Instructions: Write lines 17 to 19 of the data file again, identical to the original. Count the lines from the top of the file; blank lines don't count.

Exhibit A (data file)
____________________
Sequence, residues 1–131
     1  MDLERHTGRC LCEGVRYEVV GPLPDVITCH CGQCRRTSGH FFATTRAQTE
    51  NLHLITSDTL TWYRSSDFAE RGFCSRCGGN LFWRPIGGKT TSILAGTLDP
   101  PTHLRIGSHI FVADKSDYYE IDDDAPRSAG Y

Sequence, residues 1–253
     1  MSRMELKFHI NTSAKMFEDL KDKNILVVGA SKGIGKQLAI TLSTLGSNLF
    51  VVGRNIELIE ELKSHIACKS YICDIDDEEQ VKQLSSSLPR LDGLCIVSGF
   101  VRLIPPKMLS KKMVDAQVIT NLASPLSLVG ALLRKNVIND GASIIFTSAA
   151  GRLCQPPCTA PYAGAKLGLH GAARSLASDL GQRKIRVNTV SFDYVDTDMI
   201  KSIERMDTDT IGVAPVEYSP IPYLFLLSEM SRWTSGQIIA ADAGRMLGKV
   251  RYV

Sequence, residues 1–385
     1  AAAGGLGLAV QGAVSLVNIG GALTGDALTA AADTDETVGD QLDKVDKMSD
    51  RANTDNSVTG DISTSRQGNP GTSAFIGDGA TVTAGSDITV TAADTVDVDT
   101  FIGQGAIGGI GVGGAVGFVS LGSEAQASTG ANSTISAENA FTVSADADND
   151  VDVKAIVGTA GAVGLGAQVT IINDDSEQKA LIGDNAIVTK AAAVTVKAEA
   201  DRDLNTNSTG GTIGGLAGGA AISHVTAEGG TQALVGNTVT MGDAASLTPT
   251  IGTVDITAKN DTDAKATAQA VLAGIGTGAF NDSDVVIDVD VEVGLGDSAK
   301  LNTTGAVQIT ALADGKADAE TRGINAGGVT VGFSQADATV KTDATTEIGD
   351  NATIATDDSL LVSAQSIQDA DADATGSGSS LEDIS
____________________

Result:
   201  DRDLNTNSTG GTIGGLAGGA AISHVTAEGG TQALVGNTVT MGDAASLTPT
   251  IGTVDITAKN DTDAKATAQA VLAGIGTGAF NDSDVVIDVD VEVGLGDSAK
   301  LNTTGAVQIT ALADGKADAE TRGINAGGVT VGFSQADATV KTDATTEIGD